Typography: A single font is used on this cover. It reminds me of James Hilton’s Lost Horizon, a story that takes place in the 1930s (even though I can’t locate a cover of that book that uses this font). In other words, this font evokes a period, and the period it evokes is the 1930s through the end of World War II, so it is quite appropriate here.

As I said, the designer prudently left lots of dark room at the bottom for the title to pop. Unfortunately, the same can’t be said about the top of the image and the author name, which is in thinner letters and against a less-contrasting background.

I would have put the author name in bold but kept it at the same size. The bottom of the text rests against the plane’s propeller and the locomotive’s smoke, so I would have pulled the image down slightly. I wouldn’t have done the simpler thing of raising the author name because that would have placed it too close to the top.

What about the tagline, “Book One—Discovery”? It isn’t clear how to interpret this. Is Lost and Forgotten the first book in a series called Discovery, or is Discovery the first book in a series called Lost and Forgotten?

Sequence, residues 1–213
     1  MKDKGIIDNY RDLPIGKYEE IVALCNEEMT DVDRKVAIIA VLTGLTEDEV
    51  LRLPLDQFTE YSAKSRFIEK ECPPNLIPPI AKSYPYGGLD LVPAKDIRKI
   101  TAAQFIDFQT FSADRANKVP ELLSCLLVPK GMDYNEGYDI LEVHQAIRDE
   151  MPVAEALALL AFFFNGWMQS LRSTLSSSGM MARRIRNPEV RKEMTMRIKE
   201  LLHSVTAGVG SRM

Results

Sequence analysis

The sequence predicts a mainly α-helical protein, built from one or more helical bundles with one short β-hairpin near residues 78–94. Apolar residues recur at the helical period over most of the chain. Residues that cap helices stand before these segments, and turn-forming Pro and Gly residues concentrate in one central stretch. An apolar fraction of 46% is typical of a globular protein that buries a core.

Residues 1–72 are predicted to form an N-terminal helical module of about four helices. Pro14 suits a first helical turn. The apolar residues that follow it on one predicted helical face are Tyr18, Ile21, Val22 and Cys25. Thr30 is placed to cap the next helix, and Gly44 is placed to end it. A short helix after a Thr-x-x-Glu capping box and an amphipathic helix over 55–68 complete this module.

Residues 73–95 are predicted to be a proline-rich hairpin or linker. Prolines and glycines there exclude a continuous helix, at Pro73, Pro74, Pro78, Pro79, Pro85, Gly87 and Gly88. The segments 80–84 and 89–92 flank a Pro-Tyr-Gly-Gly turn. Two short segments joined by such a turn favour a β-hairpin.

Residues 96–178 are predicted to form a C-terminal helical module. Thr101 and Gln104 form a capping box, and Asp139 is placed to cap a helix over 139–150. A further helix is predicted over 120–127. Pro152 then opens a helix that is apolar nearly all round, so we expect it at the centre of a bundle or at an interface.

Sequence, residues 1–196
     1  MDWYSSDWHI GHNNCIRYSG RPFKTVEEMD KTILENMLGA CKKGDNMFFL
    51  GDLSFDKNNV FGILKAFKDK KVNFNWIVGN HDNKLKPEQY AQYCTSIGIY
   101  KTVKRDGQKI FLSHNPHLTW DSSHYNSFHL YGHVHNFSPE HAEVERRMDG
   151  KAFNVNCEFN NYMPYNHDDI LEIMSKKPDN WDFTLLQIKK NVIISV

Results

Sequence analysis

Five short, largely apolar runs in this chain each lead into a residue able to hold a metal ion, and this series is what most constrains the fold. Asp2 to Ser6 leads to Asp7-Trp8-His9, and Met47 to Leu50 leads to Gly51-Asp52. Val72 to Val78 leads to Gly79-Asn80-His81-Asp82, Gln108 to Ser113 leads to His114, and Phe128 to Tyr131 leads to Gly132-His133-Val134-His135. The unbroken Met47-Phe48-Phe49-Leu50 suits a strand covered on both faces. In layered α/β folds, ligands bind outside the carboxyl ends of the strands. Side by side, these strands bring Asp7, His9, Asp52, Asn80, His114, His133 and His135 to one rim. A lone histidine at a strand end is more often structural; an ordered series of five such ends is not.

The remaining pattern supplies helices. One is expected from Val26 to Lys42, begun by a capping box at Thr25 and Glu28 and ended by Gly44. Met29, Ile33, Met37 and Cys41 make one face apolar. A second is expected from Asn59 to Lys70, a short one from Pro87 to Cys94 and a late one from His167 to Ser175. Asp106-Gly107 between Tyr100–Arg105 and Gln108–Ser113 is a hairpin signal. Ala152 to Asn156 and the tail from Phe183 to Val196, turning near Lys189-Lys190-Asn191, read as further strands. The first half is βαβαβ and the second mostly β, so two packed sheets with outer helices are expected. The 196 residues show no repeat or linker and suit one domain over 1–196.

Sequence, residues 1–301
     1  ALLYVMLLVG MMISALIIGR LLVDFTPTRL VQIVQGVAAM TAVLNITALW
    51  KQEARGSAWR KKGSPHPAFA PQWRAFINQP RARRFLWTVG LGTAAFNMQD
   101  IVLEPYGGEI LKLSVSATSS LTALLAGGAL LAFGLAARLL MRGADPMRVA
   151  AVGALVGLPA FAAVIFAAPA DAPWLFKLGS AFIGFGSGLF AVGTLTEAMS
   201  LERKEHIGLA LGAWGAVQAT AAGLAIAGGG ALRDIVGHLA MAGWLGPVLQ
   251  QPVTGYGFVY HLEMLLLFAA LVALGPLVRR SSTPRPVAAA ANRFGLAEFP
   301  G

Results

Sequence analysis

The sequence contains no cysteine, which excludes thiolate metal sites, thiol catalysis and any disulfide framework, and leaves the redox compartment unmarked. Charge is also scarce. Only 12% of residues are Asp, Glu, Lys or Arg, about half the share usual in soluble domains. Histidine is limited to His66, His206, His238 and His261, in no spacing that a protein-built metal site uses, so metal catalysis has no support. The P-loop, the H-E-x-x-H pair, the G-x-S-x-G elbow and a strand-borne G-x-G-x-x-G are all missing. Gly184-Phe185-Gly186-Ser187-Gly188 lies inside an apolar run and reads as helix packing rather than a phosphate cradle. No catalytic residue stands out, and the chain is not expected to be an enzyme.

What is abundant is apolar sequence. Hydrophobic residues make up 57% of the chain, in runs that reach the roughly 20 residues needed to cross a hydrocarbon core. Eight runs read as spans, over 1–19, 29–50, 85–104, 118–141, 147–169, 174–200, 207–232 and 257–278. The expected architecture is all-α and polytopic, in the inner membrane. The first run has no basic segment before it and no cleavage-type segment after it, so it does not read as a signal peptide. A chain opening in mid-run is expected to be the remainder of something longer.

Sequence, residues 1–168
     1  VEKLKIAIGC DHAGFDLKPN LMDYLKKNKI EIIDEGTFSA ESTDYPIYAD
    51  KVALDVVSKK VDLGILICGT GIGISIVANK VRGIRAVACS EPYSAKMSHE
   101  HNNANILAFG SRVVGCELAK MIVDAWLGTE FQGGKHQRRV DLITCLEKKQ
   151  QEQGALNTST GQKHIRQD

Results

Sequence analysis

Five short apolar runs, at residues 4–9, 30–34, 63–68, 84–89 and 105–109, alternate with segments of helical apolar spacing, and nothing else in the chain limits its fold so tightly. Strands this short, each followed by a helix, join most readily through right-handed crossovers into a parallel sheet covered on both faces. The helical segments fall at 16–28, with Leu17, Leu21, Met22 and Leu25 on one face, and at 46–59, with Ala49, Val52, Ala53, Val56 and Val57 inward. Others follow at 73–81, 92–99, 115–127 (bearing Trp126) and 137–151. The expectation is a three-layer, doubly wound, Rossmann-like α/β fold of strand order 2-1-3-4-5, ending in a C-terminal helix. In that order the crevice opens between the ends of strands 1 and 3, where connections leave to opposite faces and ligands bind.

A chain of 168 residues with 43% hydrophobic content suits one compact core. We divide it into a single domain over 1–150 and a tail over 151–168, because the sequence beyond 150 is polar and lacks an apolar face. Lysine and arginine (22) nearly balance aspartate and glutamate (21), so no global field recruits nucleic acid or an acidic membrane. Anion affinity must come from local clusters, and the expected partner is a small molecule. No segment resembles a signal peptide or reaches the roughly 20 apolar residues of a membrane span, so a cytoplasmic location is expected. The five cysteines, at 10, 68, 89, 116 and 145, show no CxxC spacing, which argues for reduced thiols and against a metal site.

I presume the former, since it would be strange to have the real title, Discovery, in such small text and the series title, Lost and Forgotten, looking like a title. If my presumption is correct, then I would have reworded the tagline to read “Book One in the Discovery Series,” or something like that.

The one element I would drop from the cover is the rule separating the title from the tagline. It’s unnecessary, since no one will read the tagline as part of the title, and it also conflicts graphically with the rest of the image. It’s the kind of rule one might find on a science fiction cover: galaxy-like, it’s more prominent in the center and fades at the two sides. Even in color tone it doesn’t match anything else on the cover.